The government has turned down an offer by Banayoti Holdings Ltd to buy a stake in Air Malta after it found that the company’s plans did not fit in with its strategy for the national airline, the Times of Malta has learnt.

The Times of Malta is informed that the government has restarted negotiations with the European Commission to try and get the green light for possibly more State financing of the ailing national airline.

The Sunday Times of Malta reported that, during the summer months, top government officials, including Prime Minister Joseph Muscat, had discussed a possible partial sale of Air Malta to Banayoti Holdings Ltd, a UK-based company, which, according to its owner, Edward Banayoti, held substantial business interests, particularly in Canada and the US.

Asked whether the government had met with Banayoti over Air Malta, a Tourism Ministry spokeswoman said it had done so, but added that the offer was rejected.

“We can confirm that Tourism Minister Edward Zammit Lewis only met Mr Banayoti once, last July,” the spokeswoman said.

His companies would not match government plans to identify a strategic partner which can assure a positive turnaround for Air Malta”

“After the meeting, as happens with any potential investor, the government commissioned a due diligence report on Mr Banayoti and his companies, results of which clearly showed, even at a preliminary stage, that his companies would not match government plans to identify a strategic partner which can assure a positive turnaround for Air Malta,” she added.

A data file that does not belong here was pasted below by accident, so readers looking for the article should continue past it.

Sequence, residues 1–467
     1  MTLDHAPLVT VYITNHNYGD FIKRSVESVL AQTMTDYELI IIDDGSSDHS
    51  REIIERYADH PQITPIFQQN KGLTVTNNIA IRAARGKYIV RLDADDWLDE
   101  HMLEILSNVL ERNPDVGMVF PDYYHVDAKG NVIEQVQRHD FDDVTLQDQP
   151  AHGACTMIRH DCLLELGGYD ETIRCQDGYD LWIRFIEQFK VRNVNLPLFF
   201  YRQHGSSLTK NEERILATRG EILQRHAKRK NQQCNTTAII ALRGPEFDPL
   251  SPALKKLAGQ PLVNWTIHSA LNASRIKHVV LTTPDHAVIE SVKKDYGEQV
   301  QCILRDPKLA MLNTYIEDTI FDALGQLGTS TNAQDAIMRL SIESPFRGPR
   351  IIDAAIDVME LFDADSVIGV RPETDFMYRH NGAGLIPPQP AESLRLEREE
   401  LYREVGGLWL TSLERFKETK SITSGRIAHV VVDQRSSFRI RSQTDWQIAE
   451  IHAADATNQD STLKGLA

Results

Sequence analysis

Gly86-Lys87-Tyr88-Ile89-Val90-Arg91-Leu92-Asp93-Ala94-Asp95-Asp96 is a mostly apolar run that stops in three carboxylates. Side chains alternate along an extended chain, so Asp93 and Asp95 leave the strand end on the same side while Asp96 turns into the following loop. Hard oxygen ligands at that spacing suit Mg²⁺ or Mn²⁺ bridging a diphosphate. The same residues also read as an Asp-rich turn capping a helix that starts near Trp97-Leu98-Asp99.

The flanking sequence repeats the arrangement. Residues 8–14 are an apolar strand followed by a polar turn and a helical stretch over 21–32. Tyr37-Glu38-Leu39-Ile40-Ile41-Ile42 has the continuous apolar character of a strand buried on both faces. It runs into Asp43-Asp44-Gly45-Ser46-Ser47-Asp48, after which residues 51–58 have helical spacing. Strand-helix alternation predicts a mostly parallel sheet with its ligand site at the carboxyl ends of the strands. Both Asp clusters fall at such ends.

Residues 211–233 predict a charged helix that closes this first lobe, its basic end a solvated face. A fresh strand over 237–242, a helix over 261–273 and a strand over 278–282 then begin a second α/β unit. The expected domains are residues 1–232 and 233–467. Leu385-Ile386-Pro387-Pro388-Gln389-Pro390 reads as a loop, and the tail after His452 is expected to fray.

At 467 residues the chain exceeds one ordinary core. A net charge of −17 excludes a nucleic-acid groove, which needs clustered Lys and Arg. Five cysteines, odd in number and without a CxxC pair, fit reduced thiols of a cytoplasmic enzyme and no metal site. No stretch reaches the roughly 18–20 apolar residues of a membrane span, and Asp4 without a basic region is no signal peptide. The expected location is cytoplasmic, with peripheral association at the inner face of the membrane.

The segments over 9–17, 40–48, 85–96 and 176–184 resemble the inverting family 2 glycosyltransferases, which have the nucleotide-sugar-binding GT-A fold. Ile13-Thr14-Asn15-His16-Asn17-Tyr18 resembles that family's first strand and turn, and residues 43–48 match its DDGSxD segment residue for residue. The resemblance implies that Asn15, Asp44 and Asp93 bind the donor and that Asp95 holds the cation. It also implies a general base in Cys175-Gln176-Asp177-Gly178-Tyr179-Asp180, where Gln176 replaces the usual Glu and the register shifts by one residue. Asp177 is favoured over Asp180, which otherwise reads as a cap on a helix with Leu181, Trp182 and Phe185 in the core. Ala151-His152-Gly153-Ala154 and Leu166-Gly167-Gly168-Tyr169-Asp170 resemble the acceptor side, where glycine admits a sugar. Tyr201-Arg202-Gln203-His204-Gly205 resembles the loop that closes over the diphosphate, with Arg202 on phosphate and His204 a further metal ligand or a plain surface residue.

“At no stage were there any further contacts or discussions with regard to his companies making investments in Air Malta,” she said.

A spokesman for Mr Banayoti put it differently.

While confirming that Mr Banayoti had made an official offer for Air Malta following separate discussions with the Prime Minister, his chief of staff, Keith Schembri, and senior Cabinet ministers, the spokesman said he was told to wait until discussions with Alitalia were over so that the government could start official discussions with him.

Questions on the latest government stand and on claims that the Banayoti company was involved in fraud remained unanswered.

The fact that the government has reignited negotiations with the European Commission in a bid to again get the green light to pump more money into the airline is another indication that the talks between Air Malta and Alitalia are going nowhere.

According to stringent EU rules, the government cannot hand over more funds to the airline.

The previous government managed to negotiate a €200 million injection into Air Malta tied to a five-year restructuring plan to put the airline’s finances back in the black. However, towards the end of 2013, it became apparent that the airline would not manage to reach the final targets set for 2016.

The national air carrier has yet to publish its financial results covering the last year of the restructuring plan.

 

 

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